From Martin Wolf in the FT:
Yes, I understand that huge fiscal deficits make people nervous. I understand, too, the desire to make solvency credible. But following fiscal rules blindly, while ignoring what is going on in the private sector or in external balances, is a recipe for disappointment and political conflict. Fiscal stabilisation that supports growth is welcome. Premature fiscal stabilisation that undermines it is yet another folly.
To prove his point, these graphs:
As he makes clear: equations balance. That’s the annoying thing about double entry for you.
And as the second graph makes especially clear, the government deficit in the US (and the same happens elsewhere) has arisen because there are massive private sector balances. For advanced countries as a whole the equation balances, of course. Private surpluses equal government deficits. We are lending to government.
So what’s the chicken and what’s the egg? As Wolf makes clear:
Which came first – private retrenchment or fiscal deficits? The answer is: the former. In the case of the US, the huge shift in the private balance between the fourth quarter of 2007 and the second quarter of 2009, from a deficit of 2.2 per cent of GDP to a surplus of 6.6 per cent, coincided with the financial crisis (see chart). The fact that aggregate demand and long-term interest rates tumbled at the same time shows that the collapse in private spending “crowded in” the fiscal deficits. Wild private behaviour drove the wild public behaviour.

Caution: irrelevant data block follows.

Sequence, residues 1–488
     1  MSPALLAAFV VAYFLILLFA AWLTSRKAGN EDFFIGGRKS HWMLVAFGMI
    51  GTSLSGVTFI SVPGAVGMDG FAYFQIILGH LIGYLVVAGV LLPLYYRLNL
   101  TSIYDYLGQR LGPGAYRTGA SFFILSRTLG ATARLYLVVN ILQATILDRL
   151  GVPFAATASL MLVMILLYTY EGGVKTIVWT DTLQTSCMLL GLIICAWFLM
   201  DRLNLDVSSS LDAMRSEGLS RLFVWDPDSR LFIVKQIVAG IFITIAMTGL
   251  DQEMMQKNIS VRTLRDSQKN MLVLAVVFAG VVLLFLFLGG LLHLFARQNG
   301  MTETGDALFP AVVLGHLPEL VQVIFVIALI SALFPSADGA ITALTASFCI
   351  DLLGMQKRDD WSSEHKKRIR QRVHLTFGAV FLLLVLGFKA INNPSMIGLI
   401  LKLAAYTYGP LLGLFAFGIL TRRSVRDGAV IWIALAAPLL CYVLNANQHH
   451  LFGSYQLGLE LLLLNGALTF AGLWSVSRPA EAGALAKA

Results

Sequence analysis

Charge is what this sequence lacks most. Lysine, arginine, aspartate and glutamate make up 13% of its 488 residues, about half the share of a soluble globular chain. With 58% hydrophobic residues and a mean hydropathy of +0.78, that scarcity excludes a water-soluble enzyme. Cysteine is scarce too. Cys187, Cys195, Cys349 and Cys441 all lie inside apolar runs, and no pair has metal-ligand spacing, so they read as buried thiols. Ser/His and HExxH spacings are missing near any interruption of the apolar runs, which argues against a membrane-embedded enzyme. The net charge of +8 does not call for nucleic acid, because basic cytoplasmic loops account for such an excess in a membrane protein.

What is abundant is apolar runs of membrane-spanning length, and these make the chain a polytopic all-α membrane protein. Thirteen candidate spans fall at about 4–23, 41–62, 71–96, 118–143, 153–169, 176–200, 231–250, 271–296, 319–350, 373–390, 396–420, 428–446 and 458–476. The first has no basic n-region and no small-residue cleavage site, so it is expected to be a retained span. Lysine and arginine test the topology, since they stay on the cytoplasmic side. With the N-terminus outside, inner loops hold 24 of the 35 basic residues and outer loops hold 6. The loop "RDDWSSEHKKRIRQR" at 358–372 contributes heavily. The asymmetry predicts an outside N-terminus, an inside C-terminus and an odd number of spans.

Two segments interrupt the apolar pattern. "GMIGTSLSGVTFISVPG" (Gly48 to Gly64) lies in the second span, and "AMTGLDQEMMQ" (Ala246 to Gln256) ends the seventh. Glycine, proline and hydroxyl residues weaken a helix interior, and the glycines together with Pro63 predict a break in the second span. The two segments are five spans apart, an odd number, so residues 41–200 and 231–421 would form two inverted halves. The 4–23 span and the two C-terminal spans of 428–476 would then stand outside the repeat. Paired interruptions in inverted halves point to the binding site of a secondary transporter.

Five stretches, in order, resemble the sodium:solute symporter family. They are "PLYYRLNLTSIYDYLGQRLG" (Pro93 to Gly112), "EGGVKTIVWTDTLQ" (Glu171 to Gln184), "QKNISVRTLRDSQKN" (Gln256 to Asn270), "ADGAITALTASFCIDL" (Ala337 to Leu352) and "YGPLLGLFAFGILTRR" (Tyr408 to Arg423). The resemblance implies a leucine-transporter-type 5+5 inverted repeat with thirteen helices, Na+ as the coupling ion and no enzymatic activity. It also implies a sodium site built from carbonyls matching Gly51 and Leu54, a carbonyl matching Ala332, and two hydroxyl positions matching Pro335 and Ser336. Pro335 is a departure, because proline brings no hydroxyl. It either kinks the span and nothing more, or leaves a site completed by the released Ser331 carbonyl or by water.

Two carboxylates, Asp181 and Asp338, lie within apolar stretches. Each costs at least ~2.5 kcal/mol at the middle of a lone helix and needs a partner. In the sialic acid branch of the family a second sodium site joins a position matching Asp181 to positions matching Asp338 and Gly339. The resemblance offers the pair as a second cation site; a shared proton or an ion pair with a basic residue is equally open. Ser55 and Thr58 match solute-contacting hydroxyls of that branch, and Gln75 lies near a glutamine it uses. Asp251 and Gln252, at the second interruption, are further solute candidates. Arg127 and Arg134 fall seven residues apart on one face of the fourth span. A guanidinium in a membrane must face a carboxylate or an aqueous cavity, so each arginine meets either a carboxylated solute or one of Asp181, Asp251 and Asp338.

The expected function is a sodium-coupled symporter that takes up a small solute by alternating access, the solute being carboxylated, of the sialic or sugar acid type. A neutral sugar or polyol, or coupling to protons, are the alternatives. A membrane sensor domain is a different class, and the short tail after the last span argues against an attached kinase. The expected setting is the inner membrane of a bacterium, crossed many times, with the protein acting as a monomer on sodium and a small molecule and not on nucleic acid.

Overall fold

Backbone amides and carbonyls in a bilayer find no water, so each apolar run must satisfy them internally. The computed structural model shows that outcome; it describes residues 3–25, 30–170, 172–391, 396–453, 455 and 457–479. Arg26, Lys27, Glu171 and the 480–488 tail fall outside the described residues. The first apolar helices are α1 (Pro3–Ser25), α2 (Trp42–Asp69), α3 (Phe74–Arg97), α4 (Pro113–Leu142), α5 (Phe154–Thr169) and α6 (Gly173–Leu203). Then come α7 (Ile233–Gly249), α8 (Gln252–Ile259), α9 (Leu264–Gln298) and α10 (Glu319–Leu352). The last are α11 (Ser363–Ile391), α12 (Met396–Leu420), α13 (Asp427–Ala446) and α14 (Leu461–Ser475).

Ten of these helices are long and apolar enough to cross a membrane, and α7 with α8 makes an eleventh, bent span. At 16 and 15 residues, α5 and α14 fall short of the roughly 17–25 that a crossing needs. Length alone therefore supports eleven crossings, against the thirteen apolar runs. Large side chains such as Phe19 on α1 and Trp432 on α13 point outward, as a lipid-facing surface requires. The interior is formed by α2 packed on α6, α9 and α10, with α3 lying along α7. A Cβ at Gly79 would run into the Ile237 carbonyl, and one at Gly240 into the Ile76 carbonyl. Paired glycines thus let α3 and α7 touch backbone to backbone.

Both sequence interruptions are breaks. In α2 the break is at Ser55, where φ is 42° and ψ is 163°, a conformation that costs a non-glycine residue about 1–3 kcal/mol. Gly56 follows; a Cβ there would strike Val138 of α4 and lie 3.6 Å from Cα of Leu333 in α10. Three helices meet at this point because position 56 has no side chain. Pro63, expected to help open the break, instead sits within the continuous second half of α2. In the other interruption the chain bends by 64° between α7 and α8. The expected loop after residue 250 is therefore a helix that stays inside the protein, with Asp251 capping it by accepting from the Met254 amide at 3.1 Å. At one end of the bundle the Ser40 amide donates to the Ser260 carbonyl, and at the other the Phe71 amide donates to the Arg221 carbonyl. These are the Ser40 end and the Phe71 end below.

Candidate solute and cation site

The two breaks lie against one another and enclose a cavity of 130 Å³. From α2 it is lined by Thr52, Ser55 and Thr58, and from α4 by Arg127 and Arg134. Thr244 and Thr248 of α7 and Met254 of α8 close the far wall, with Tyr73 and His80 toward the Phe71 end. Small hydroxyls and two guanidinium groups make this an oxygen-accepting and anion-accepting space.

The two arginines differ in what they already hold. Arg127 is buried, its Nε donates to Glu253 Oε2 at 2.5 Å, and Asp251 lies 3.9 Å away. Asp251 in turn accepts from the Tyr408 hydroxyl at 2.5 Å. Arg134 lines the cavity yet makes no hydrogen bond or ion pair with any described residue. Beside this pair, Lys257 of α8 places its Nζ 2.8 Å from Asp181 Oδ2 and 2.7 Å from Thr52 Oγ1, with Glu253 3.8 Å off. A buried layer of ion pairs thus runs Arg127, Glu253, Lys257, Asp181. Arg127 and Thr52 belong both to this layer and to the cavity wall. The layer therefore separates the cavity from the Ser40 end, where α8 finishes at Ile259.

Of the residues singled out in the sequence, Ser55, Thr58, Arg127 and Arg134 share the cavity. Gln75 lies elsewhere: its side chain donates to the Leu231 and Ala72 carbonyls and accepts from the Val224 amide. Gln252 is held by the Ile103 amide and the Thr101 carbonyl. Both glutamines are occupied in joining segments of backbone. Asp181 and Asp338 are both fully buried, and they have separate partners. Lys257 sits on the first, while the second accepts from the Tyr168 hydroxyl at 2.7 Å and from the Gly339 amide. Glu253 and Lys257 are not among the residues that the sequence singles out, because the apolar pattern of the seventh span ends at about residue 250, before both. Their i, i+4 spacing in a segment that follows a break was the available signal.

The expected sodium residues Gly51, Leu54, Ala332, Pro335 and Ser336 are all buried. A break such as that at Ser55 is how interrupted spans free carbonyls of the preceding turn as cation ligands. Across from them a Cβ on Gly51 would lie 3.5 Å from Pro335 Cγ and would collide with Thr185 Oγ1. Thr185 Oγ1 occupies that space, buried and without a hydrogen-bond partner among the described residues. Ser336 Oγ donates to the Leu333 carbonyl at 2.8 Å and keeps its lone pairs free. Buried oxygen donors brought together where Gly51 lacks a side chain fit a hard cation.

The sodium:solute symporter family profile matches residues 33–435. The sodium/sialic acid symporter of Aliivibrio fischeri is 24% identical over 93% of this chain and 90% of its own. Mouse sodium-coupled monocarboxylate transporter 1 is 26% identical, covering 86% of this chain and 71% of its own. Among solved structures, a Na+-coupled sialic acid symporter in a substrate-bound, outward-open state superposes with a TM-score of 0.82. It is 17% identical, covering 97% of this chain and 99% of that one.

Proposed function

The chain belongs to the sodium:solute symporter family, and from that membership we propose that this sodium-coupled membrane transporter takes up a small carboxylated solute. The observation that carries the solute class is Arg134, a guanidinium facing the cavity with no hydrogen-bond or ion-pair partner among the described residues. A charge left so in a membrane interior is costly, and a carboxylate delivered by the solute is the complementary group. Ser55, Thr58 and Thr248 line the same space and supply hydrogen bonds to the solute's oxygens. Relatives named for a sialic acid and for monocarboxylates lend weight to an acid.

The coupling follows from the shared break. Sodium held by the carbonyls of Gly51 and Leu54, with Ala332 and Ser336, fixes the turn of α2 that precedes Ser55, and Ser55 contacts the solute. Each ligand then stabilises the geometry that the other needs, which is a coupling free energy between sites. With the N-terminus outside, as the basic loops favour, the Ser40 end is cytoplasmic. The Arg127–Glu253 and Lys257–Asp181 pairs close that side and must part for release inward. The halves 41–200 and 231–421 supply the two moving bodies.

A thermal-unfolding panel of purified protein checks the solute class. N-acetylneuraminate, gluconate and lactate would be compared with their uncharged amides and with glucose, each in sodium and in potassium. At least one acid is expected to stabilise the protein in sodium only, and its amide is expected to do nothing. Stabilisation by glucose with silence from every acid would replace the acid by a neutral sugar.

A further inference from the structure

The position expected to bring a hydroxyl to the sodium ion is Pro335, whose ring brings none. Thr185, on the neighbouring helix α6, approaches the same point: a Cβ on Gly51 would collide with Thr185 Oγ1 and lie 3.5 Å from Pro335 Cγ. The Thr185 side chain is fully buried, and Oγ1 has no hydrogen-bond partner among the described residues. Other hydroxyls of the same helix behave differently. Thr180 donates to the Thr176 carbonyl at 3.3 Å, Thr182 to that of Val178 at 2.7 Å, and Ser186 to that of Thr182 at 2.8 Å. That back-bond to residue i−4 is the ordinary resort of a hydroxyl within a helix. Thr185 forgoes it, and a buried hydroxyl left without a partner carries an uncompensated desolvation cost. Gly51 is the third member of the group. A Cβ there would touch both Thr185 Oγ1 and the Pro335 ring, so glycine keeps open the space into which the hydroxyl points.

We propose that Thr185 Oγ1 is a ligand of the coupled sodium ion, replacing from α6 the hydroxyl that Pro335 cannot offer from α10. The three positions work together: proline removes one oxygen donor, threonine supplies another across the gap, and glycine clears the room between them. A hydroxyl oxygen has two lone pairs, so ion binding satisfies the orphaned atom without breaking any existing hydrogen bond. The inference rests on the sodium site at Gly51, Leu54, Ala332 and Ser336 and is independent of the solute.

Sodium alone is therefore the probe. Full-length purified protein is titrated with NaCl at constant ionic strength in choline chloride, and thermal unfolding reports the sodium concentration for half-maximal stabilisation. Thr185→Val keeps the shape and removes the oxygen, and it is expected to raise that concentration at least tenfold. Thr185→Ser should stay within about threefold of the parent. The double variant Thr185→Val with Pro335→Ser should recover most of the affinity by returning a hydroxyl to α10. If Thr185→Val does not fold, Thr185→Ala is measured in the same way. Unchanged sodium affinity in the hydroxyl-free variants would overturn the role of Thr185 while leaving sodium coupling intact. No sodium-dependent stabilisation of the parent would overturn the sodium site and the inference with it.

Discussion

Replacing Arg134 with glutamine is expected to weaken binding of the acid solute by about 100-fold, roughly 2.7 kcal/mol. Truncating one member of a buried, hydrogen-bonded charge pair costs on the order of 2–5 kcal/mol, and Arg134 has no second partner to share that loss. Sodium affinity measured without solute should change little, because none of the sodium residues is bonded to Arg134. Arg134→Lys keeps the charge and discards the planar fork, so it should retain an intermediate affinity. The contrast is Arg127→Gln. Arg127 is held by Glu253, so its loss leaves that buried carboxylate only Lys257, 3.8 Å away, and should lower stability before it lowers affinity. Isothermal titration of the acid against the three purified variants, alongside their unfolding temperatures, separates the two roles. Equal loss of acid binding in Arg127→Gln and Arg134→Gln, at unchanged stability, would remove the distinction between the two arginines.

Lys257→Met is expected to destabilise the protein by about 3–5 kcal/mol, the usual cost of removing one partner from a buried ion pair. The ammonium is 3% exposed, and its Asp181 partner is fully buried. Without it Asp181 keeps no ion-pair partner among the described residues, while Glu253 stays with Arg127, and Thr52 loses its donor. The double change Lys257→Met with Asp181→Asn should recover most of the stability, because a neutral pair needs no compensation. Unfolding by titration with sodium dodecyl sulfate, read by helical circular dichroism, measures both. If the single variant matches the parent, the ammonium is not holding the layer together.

In other words, as I have often said, the collapse in government revenue came because the private sector voluntarily withdrew from the economy leaving the state to pick up the pieces. That’s why this happened:
And so, as Wolf again says:
So how quickly should deficits be eliminated? We must recognise the danger here: cutting public spending will not automatically raise private spending. The attempted reduction in the structural deficit might lead, instead, to a rise in cyclical fiscal deficits, which would be running to stand still, or to a reduction in the private surpluses only because income fell even faster than spending. Either outcome would be grim. Yet neither can be ruled out.
As long as output remains depressed, the fiscal support is most unlikely to be inflationary. Nor will it crowd out the private sector: it is more likely to crowd it in.
Which means all the cards are in the ands of governments right now.
So why do the deficit hawks like to pretend otherwise? That makes no sense at all.